4th December – Greymouth to Hari Hari:

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Beach at Greymouth

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Greymouth to Hari Hari

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Hari Hari claim to fame: first tran-tasman solo flight, the pilot Guy Menzies landed there upside down in a swamp

8th December – Haast to Lake Hawea:

 

 

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View from The Neck over Lake Hawea

I don’t know when / where in NZ this one is from:

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Brett and Kaye riding into lunch (Photo and caption credit: TDA Facebook page)

Categories: Trans-Oceania | Tags: | Leave a comment

Day 25: Friday 9 Dec – Lake Hawea to Queenstown

94km to ride – 1,244 to climb and 1,241 down

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Last day’s climb!

It was a beautiful morning. There was no wind, the sun was shining and the lake looked stunning.

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Early morning on Lake Hawea (Photo and caption credit: Sue’s blog)

Before breakfast we all met down at the lake in our Trans Oceania riders shirts to have a group photo. Well all of us that is apart from Dan, who apparently never wears the ride shirt, not even for the five minute for a group photo . . . each to their own.

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Group photo, before setting off for the final day of riding (Photo credit: TDA Facebook page)

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The group photo with the banner

In the photo the front riders are holding the Trans Oceania Ride Banner – or so it seems! Actually this has been photoshopped in as the actual banner disappeared during the trip. The riders in the front row just had to have their hands out as if they were holding it.

There were a number of group photos, plus a photo of Tony the tallest rider (6 ft 4) with his bike and Lani (about 5ft) and her bike, as well as a photo where Tony had lifted Lani onto his bike and her feet couldn’t touch the peddles!

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Anne has got her mountain bike with her and kindly offered to bring it to me and take my bike if my bike breaks down today. I felt much better reassured that one way or another I will be able to complete the ride as I set off.

The first few kilometres were rolling hills and then through Wanaka for a brief look at the town, then onto the Cardona pub for a coffee.

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Cardrona Hotel

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Coffee stop at Cardrona Hotel

Just before the pub is the Cardona Brewery, and along the fence are hundreds of bras. I found out after it’s for breast cancer awareness.

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Passing the Cardrona Distillery and the bra fence.

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Cardrona – or Bradrona? – Valley (Photo and caption credit: Sue’s blog)

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Cardrona Valley (Photo and caption credit: Sue’s blog)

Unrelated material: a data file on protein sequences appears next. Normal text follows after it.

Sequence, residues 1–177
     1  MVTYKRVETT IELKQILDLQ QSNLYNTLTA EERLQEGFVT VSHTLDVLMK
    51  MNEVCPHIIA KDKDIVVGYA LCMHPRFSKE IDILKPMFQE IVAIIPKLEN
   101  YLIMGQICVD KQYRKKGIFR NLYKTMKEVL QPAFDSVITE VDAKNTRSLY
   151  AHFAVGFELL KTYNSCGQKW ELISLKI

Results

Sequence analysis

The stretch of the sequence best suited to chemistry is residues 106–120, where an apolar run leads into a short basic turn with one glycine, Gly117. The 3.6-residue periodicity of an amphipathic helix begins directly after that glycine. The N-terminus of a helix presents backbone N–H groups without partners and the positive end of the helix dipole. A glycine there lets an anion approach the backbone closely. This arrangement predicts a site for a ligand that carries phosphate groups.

After the coffee stop the climbing for the day began – the Cardona Crown Range needed to be climbed 😐. The first few kms were not too bad, a steady upwards gradient but the last kilometre to the top my legs went on strike and I was off walking (I found out later so did at least half of the riders).

Lunch was at the top but I wasn’t hungry, and did not think about making anything to eat later as I had forgotten dinner wasn’t till 8 pm.

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At the top of the Crown Range, only 40km to the finish.

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Michele at the Crown Range summit (Photo credit: Michele’s Facebook page)

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Sue on the Crown Range Pass (Photo credit: Sue’s blog)

After lunch lots of downhill, firstly quite steep and then a big switch back. I have rim brakes so had to stop to let the rims cool half way down the hill.

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Switchbacks to zoom down (Photo and caption credit: Sue’s blog)

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Crown Range pass (Photo and caption credit: Sue’s blog)

Once down the bottom it was 5 km to Arrowtown where we stopped and had a drink with Sue at the Pub. With 20 km to go Tick Tock was still clicking and rattling along.

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Drinks stop in Arrowtown

I rode with Sue from Arrowtown, Brett rode ahead so he could take a photo of Sue finishing the ride. We are not having a convoy or finish line photo due to the difference in riding abilities – a few riders would have to wait for at least 2 -3 hours and the slowest would feel the pressure all day. Sue has achieved EFI (every f*cking inch) on this ride. This is great achievement as there were some really long hot days in the Australian section of this ride, plus a few days of pouring rain and floods.

Into Queenstown, yay we are here! Just a few steepish streets and then we made it to the Earnslaw Lodge, the finish hotel. We needed to box the bike straight away as the owners won’t have them in the hotel unless they are boxed. Pretty reasonable really and saves doing it tomorrow.